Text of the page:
By Julie Gauthier, IIDA, LEED AP
From the June 2018 Issue
Furniture plays a critical role in the workplace, providing employees the functional support to complete tasks comfortably and efficiently. And with new and updated products being introduced consistently to complement the latest workplace trends and practices, the “out with the old and in with the new” adage is justified in order for organization to keep up with competition to attract and retain the best workforce.
The flip side of this begs the question—what do we do with our current office furniture? And this sets in motion a dilemma that few in an organization really contemplate. The burden of what to do with the firm’s existing inventory typically falls to facility management. And while there is nothing “easy” about the task, there is an opportunity to think creatively about how to transition “out of the old and into the new” or, maybe, there is a new life for the old.
The 3D Approach: Decommissioning, Donating, Dismantling. When a company is renovating or relocating office space, it is often implementing workplace changes to inform their business strategy and rendering old furnishings obsolete along with outdated processes. And so the conversation begins about how to offload older products that won’t be utilized in the new office.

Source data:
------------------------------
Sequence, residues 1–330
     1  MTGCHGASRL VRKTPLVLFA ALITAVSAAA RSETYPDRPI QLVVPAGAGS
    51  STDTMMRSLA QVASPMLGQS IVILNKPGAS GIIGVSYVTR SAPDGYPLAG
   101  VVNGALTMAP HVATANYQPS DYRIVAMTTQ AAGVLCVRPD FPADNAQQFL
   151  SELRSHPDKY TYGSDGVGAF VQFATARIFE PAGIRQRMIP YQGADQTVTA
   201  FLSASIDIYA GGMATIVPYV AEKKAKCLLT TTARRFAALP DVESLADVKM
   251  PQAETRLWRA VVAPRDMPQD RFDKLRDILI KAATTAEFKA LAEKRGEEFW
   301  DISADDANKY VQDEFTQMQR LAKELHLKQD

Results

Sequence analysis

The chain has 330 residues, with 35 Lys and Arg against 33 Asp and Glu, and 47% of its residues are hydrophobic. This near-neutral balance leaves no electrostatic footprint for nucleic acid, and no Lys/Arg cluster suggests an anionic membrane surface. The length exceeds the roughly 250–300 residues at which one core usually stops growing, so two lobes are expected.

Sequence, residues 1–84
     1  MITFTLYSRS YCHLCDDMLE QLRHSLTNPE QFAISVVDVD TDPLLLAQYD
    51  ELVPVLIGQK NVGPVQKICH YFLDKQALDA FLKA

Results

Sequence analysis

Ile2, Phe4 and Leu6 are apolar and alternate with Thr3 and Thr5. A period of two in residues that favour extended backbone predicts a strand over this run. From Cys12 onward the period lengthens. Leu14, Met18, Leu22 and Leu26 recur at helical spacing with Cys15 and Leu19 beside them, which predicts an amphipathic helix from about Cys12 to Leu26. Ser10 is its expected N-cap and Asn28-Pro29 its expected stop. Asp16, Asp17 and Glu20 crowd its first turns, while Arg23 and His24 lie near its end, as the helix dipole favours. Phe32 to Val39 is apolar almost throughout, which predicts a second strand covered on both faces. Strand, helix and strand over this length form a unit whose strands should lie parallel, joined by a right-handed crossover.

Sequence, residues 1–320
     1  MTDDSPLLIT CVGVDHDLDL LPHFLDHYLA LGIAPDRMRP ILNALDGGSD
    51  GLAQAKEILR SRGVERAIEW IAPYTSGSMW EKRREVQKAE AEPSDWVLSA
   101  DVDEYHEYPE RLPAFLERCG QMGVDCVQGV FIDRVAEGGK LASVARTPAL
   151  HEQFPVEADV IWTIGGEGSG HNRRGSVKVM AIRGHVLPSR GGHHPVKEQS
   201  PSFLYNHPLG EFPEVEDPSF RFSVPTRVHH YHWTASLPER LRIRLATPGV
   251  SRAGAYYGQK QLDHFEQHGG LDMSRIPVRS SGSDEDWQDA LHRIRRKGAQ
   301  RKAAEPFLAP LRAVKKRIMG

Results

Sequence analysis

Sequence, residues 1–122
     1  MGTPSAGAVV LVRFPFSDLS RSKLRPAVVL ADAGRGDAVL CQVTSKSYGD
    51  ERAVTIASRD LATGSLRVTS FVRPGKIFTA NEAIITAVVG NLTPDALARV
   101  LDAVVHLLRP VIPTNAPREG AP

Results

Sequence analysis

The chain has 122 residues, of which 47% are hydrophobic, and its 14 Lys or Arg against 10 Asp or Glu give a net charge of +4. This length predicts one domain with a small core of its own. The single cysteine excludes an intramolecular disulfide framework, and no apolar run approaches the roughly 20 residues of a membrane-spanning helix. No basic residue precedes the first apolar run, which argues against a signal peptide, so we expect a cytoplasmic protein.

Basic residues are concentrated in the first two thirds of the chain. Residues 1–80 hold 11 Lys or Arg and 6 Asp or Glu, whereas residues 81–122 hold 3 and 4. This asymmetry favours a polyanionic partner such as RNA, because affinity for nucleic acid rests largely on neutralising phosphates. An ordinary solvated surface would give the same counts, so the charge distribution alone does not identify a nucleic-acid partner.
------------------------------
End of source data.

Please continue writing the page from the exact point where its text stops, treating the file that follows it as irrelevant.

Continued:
Decommissioning, donating, and dismantling for reuse or recycling are the “go to” for many. Some organizations have satellite or secondary locations that can benefit from its use. Newer inventories in large quantity are attractive to resellers. Non-profits are happy to take gently used items. And there are scrap metal dealers who will consider taking older systems furniture in whole to salvage. It is rare that any of these options will make money, and most will require funding from the organization to remove the items.
Reuse & Blending: Good, Better, Best Evaluation. Which pieces are too old, and which pieces are in good enough condition to be reused? What can stay in the front of house, and which items might be used behind the scenes? Are there modifications to existing pieces—reupholstery or reconfiguration that could breathe new life into tired pieces? These are questions that a creative design and facilities team can use to evaluate existing furniture and make room for a blended approach.
An example: McCarthy Building Companies, Inc., a green building and construction firm, selected Perkins+Will, formerly lauckgroup, to design their new office suite in Houston, TX. (The resulting office is shown here.) The client purchased new furniture as part of a previous project that was less than seven years old and in “like new” condition. Furniture reuse was part of the design concept and informed the direction of the office planning and finish selections to work with the existing inventory. We added in new pieces to fill in gaps that the larger space created and would enhance the main entry and meeting spaces, but kept in mind the style, finish, and quality of the existing inventory to maintain the same aesthetic and keep work spaces equitable for staff.